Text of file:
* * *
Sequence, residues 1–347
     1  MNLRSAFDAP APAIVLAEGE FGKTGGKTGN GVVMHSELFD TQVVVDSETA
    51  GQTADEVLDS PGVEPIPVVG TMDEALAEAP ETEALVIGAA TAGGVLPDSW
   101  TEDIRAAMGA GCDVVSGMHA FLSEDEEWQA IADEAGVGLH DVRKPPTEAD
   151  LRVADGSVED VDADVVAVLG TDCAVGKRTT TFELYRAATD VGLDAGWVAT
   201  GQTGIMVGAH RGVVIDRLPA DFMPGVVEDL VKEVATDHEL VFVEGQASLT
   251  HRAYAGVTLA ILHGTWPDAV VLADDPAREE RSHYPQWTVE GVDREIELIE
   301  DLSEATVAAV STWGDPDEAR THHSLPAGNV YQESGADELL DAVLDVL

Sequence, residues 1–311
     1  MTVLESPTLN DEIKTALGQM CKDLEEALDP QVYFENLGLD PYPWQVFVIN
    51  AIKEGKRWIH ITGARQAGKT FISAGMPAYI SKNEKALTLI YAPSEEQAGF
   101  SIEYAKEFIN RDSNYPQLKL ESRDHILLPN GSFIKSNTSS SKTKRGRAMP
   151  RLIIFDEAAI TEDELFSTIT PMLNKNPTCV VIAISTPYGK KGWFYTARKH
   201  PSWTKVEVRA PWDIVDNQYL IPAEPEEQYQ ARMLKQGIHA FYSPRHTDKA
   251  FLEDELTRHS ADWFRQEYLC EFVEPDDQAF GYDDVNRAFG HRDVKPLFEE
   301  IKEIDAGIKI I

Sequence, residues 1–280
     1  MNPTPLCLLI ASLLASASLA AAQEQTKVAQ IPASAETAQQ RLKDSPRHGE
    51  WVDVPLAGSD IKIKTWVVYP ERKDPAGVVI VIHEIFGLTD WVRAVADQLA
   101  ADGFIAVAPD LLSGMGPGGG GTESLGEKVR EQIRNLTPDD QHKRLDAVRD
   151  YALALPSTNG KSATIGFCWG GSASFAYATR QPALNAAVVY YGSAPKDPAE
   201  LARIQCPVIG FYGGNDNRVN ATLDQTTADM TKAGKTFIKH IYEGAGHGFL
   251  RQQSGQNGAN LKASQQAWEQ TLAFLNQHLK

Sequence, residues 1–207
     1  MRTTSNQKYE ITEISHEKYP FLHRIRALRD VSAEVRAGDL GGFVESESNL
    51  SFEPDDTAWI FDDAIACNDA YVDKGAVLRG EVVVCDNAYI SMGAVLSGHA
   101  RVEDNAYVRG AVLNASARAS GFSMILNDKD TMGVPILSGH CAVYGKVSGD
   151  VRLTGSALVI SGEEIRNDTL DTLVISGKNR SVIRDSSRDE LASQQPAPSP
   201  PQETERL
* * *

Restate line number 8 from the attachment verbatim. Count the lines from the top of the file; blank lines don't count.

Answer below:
   301  DLSEATVAAV STWGDPDEAR THHSLPAGNV YQESGADELL DAVLDVL